I know that not everyone knows where to begin when it comes to being a money manager and that’s why there are so many amazing websites and blogs on the web to help get you started.

I don’t admit to being a money manager pro but we’re both under 40 and living a debt free life including no mortgage living in the GTA and it’s not because we were handed money or got lucky every step of the way.

I also don’t make a 6 figure salary either but I’m working hard at making sure that I’m moving up in my profession so one day I can make the income I’ve always dreamed of.

I want to make sure if we have a child that we can afford to save for their education to give them a jump start in life while teaching them about money. I also want to make sure that our child doesn’t have to worry about us financially because that’s just a stress he/she doesn’t need. Financial freedom for us is about having the ability to make the best choices for our life as my friend Jason at Celebrating Financial Freedom says below.

It’s about having the freedom to make the best choices for your life because you don’t have to consider your debt situation first.

What we do is budget, straight up simple math and find ways to save money by living a frugal life by spending money on quality when we need to and buying generic in other areas.

We both struggled just like the next person but we did one thing I encourage all of you do… NEVER GIVE UP! You never know when opportunity is lurking so be ready to grab it and follow your money wherever you go.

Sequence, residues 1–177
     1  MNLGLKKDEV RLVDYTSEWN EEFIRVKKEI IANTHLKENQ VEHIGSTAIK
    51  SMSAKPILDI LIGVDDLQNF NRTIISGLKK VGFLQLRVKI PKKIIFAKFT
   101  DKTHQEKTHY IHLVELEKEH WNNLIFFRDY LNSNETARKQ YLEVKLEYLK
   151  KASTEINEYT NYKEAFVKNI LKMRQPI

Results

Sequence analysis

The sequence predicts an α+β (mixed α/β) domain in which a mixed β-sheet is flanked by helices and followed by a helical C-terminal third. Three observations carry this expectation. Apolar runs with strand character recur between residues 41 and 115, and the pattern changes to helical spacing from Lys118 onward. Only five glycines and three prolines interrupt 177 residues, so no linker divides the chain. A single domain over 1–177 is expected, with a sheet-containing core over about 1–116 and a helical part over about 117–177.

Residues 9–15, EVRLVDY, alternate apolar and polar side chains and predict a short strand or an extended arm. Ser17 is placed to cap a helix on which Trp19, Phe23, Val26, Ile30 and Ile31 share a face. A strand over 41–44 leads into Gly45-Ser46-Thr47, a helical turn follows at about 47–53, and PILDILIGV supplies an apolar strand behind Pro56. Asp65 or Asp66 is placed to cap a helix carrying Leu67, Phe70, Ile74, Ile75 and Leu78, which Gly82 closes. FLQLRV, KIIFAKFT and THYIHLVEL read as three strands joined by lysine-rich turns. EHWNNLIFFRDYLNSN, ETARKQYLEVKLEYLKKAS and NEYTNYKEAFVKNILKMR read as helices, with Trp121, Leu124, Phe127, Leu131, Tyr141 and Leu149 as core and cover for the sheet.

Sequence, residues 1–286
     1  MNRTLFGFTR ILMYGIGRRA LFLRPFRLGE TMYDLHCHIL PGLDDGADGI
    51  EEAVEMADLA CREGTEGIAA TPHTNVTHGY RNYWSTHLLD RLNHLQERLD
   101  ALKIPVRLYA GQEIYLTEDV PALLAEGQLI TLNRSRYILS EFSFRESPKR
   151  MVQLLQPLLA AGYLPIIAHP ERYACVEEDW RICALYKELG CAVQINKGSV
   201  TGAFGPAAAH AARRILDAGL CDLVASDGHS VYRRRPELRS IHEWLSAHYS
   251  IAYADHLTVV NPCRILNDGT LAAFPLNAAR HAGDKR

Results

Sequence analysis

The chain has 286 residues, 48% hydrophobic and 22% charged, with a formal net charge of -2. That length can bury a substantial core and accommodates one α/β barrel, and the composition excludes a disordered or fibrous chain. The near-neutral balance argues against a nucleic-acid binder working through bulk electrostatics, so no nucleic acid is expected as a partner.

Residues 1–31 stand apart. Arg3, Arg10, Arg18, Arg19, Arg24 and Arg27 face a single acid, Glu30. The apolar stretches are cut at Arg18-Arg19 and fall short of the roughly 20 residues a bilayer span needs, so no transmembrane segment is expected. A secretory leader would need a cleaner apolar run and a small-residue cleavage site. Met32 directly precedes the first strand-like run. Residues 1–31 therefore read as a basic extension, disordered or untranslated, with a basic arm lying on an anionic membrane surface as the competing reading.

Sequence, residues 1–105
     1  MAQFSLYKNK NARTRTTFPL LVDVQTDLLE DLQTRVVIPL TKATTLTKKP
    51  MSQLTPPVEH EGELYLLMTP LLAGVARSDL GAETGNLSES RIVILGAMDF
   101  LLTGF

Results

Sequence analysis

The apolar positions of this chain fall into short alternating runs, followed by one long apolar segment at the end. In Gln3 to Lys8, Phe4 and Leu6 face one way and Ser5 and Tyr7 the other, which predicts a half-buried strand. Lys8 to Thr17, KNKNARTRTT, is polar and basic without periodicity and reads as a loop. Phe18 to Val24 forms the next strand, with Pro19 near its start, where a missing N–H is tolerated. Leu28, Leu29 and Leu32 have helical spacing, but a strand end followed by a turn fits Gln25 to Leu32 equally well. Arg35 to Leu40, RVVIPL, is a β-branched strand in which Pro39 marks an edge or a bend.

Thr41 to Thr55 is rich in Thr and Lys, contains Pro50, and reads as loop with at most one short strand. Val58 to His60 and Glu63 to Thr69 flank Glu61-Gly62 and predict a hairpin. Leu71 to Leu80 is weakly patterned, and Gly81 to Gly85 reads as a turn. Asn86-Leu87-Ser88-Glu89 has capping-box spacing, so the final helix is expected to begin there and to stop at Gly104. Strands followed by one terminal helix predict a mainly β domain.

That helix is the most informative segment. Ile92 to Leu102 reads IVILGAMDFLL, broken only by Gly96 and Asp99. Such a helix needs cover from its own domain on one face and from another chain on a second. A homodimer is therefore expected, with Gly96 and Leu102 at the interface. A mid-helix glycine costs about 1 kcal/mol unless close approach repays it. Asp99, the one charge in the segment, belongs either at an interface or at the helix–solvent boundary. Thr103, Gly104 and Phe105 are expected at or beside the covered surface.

Be your own Money Manager 101 …..




Planning the way your money is going to be saved and spent is something that most people shrug off as they view it as tedious and not necessary.

I disagree because we should have a money plan in place so we set goals and targets to achieve success along the way. You may want to put that new roof on like I talked about above but if you don’t plan how much you can or should save each month as well as a time-frame to have it saved you may just kill the plan and spend the money on something else.

What will happen is your roof will just continue to fall apart because you couldn’t be bothered to invest the time needed in planning out the savings to purchase that new roof. So before you go and laugh at your friends who say they can’t afford to do something because they are saving up for a large or even small expense make sure you look in your own money house and clean up areas you need to improve on.




Budgeting doesn’t mean you need to use a budget spreadsheet, paper budget, envelope system and so on… it means knowing where your money is going. Not everyone likes to budget and although I highly recommend it because its what has helped us to get to the point where we are now, it doesn’t mean it’s right for you.

Figure out what money manager system works for you but the most important part of your plan is knowing where the money goes. If you don’t track your money you will never know if you are spending more than you earn and what parts of your lifestyle you need or should be cut back on in order to stay on track financially.




I don’t know a household that can run on its own so if you think your finances can all be automated and you turn your head to say everything is taken care of you might be surprised one day to realize that there is more to being a money manager than automation.

Sure it’s great to pay all your bills automatically each month but that’s just a small part of being a money manager. Although we paid all of our bills manually aside from the fixed expenses we made sure we followed up with everything.

Fixed expenses are easy because you know they will never change but don’t think errors can’t happen. Just last week I noticed our home and vehicle insurance shot up by $12 a month and by sending off an email to our insurance adviser we found out an error was made in the automatic renewal. The account will be credited but if we didn’t follow-up with our expenses we wouldn’t have known.